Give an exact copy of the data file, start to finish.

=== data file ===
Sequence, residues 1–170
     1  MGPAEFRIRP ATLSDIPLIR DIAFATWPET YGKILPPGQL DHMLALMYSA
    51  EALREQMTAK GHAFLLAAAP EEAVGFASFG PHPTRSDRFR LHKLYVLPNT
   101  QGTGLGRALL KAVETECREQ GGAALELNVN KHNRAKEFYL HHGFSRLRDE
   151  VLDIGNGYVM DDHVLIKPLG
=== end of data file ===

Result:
Sequence, residues 1–170
     1  MGPAEFRIRP ATLSDIPLIR DIAFATWPET YGKILPPGQL DHMLALMYSA
    51  EALREQMTAK GHAFLLAAAP EEAVGFASFG PHPTRSDRFR LHKLYVLPNT
   101  QGTGLGRALL KAVETECREQ GGAALELNVN KHNRAKEFYL HHGFSRLRDE
   151  VLDIGNGYVM DDHVLIKPLG